VAT and Self-Employed Drivers

Advice on VAT for self-employed drivers

Being a self-employed owner / driver gives you the option to run your own business. But, you also have a choice as to whether you want to charge VAT if your turnover stays below £85,000* (2019/2020)

What is VAT?

VAT (Value added tax) is an automatic tax that businesses have to charge on products and services in the UK. Some things, such as food supplies, insurance and children’s clothes are exempt, but the majority of sales in the UK include VAT.

The current rate of VAT is 20%, and, any business that has a turnover (sales) in excess of £85,000 per year (as of April 2018) must charge it to their customers.

For instance, if you charged your services at £120 per day, you would charge £120 + VAT, which would mean you would actually charge £144.00 (£24.00 of which would be VAT payable to the government).

Who Benefits From VAT and will it cost me money?

Because you are adding on VAT on top of the price you charge, it does not cost you money directly. What’s more, if your business buys products or services which are VAT registered you can claim it against the VAT you charge. There are rules about what can and can’t be claimed but it is a big advantage if you are spending quite a lot of money for services or products.

Eg. If your accountant or solicitor charges VAT for the services they charge your business, you can claim back the VAT. So, if their charge was, for instance, £500 + VAT (£600) you can claim the £100 VAT back.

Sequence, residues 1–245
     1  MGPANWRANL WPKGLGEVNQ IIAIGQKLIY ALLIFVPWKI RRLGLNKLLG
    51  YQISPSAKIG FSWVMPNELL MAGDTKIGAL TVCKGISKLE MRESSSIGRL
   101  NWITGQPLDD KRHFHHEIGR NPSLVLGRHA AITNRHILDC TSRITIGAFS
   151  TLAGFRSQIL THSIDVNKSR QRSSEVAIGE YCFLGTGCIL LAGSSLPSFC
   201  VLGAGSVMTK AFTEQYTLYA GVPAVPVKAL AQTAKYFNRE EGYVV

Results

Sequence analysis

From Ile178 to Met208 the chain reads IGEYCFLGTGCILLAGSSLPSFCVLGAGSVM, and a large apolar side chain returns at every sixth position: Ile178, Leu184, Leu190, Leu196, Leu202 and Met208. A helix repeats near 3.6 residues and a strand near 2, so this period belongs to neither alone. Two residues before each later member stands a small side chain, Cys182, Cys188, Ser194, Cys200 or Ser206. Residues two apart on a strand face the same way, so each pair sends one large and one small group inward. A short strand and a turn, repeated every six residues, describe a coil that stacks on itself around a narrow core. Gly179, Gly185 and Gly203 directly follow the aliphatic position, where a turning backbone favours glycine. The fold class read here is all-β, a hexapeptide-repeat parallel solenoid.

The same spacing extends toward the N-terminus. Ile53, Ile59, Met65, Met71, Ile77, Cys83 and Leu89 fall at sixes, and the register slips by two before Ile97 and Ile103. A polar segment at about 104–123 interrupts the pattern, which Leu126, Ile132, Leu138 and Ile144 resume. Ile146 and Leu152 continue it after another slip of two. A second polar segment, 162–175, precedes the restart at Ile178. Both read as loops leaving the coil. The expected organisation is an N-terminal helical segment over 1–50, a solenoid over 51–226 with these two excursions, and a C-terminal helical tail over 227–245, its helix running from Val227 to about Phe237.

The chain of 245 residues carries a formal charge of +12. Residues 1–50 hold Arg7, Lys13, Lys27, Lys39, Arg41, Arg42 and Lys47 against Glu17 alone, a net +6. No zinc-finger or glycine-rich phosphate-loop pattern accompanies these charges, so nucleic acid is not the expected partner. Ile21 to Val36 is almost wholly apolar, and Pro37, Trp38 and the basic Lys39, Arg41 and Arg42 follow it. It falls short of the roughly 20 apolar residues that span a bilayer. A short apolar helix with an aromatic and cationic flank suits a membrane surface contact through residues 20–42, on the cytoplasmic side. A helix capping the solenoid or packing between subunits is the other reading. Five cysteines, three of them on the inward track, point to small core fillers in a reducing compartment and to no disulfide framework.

Do I Have To Register for VAT?

Any business with sales of more than £85,000 per year must register for VAT so if your business turnover (the amount of money your business invoices each year) reaches this amount then VAT registration is compulsory. But, you can voluntarily register for VAT even if your sales are lower, but you will have certain responsibilities.

When you register for VAT with HMRC, you are given a VAT number, which you must state on each invoice or receipt you give. You must then start to charge VAT on top of the price of any goods or services you supply along with the split of the VAT charge on your invoice.

From the date of your VAT registration you must:

Flat Rate VAT

HMRC offer smaller businesses, with sales under £150,000 per year a scheme called Flat Rate VAT.

The amount of VAT a business pays or claims back from HM Revenue and Customs (HMRC) is usually the difference between the VAT charged by the business to customers and the VAT the business pays on their own purchases.

But with the Flat Rate VAT Scheme:

Should I Register for VAT?

If you are an owner / driver you need to balance the benefits of being VAT registered against the extra administration and costs for you.

The rule of thumb is whether you are (a) selling to businesses who can recoup the VAT as your price against a competing driver can be the same net amount without any difference; and (b) whether you are purchasing sufficient products or services against which you can reclaim the VAT for it to make a substantial difference.

Your accountant should be able to advise you on the on the best course of action.

Staying on Top of VAT

You must inform customers of any change to your VAT registration status as soon as possible when you make it.

You must also remember that any VAT you collect when customers pay you is not yours and must be paid to HMRC when it becomes due.

You can register for VAT online, or ask your bookkeeper or accountant to do it on your behalf.

Want to learn more?

We have a range of articles to help you if you are currently a self-employed driver or thinking of becoming one.